Seyoum Leta, Bio-Innovate Program Manager, at the First Bio-Innovate Regional Scientific Conference at the United Nations Conference Centre, Economic Commission for Africa, Addis Ababa, Ethiopia, 25–27 Feb 2013 (photo credit: ILRI/Apollo Habtamu).
‘Capacities in biosciences in various sectors are scarce and scattered in Africa, Bio-Innovate Program Manager Dr. Seyoum Leta said Monday in Addis Ababa at the on going Bio-Innovate Regional Scientific Research Conference at the United Nations Conference Centre, Economic Commission for Africa (UNCC-ECA).
‘Speaking at the opening ceremony, Leta said this is the key missing link in the path to Africa’s science-led development.
‘He noted that there are only a few strong regional initiatives, but even then, he observed that the research and development networks comprised of local institutions, regional and international research organizations have little effect in linking with private sectors to use modern biosciences as a tool for development.
‘But Leta acknowledged that there is abundant potential for harnessing bio-resources within East Africa, through the use of biosciences innovation and research. . . .
‘The Bio-Innovate Program was launched in 2010 to directly address this lack of organized regional initiatives. . . .
‘The Bio-Innovate Program is currently supporting nine bioscience innovation and policy consortia projects bringing together 57 partnering institutions from the six eastern Africa countries of Burundi, Ethiopia, Kenya, Rwanda, Tanzania, and Uganda and outside the region. Most of the findings from these projects will be presented at the upcoming conference. . . .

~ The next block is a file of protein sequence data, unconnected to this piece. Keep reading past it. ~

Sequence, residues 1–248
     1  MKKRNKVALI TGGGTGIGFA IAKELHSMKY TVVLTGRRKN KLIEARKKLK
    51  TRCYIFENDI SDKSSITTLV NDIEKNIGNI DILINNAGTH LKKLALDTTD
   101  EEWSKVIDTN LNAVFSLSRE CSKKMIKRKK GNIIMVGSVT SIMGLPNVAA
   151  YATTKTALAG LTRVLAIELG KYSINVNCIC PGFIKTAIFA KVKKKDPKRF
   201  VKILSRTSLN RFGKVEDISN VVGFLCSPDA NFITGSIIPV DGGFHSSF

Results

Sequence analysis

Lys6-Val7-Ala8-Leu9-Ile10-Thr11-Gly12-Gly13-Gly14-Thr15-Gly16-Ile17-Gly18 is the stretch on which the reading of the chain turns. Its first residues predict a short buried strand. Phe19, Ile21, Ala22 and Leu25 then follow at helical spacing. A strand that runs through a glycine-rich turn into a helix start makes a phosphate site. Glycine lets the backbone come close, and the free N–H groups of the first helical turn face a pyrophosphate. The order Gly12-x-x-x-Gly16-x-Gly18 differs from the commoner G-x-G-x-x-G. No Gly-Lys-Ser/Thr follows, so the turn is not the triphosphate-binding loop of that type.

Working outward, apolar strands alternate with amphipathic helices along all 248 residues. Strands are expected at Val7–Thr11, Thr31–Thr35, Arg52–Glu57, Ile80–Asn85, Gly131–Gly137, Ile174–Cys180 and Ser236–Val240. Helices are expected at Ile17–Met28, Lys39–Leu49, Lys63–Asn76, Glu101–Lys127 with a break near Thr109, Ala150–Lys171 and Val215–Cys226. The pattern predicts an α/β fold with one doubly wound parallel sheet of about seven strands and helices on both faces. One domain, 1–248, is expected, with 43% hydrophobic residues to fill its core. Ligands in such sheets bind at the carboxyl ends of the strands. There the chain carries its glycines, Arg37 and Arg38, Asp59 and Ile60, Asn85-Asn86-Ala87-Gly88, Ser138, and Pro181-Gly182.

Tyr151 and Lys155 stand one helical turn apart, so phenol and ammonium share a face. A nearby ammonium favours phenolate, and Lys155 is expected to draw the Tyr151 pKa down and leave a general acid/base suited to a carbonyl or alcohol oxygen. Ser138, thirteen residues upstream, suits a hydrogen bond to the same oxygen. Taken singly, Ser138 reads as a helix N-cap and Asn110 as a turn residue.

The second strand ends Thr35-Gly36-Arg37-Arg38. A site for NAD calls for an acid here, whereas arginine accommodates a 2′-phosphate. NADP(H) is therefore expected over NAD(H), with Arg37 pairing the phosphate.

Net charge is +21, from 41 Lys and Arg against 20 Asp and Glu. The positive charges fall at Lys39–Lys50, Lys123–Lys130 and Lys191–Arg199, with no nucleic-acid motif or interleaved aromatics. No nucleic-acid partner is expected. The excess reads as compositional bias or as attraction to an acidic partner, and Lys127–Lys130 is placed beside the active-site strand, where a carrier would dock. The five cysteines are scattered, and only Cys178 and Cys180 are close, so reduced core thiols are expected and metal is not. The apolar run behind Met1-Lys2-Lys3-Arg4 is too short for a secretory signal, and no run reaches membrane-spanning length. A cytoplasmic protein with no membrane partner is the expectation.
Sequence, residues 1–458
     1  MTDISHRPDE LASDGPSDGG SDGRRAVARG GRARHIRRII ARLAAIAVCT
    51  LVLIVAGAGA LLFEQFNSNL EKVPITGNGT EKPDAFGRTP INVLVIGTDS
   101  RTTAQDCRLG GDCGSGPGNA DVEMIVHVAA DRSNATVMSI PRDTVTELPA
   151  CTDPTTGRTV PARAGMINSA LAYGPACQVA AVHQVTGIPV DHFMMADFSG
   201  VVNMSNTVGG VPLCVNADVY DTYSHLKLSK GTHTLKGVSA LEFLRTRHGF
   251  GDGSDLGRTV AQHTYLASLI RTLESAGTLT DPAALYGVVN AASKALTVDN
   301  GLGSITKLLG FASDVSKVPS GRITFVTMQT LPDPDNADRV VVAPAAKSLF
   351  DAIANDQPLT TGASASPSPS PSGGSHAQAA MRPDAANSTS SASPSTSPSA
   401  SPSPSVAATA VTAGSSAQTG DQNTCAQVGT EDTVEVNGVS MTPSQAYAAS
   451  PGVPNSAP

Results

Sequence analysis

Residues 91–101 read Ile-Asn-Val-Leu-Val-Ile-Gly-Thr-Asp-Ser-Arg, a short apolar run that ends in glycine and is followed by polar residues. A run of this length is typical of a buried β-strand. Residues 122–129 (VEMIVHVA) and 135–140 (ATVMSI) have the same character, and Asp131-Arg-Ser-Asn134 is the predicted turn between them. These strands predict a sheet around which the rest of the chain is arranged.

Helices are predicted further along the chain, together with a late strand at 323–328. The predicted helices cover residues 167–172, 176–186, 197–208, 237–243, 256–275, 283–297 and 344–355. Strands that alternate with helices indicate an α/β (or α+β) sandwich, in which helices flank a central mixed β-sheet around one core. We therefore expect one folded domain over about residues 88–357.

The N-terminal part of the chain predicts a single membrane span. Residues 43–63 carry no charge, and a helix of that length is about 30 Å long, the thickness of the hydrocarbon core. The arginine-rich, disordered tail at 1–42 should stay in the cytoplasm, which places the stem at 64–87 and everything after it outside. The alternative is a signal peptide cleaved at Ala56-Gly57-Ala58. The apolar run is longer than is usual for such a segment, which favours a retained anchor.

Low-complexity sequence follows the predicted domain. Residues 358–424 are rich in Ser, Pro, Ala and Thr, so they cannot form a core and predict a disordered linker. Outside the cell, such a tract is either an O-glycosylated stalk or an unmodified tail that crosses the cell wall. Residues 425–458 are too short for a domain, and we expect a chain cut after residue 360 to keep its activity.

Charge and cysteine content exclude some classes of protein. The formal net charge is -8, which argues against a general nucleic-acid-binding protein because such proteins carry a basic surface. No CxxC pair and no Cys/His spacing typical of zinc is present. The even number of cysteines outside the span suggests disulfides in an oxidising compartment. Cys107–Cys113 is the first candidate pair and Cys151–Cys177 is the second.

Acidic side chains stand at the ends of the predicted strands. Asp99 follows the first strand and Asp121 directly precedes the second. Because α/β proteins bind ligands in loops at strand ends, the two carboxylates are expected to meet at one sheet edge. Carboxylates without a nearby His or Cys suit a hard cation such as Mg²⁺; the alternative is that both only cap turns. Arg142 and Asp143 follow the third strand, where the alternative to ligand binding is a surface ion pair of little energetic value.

‘Organizers say these activities present extraordinary opportunities for a knowledge-based bio-economy in sub-Saharan Africa.
Bio-Innovate is providing a novel regional, broad-based biosciences innovation platform that links science, technology and innovation to the marketplace to address urgent regional development challenges.
‘Those challenges include increasing food insecurity, climate change problems exacerbated by disposal of harmful agro-industrial wastewater and the need to promote value addition in traditional crops. Bio-Innovate research also supports the adoption of disease and drought-resistant varieties of orphan crops like sorghum and millet. . . .’
Read the whole article by Kevin Wafula in Africa Science News: Africa still lags behind on bioscience capacities, says scientist, 26 Feb 2013.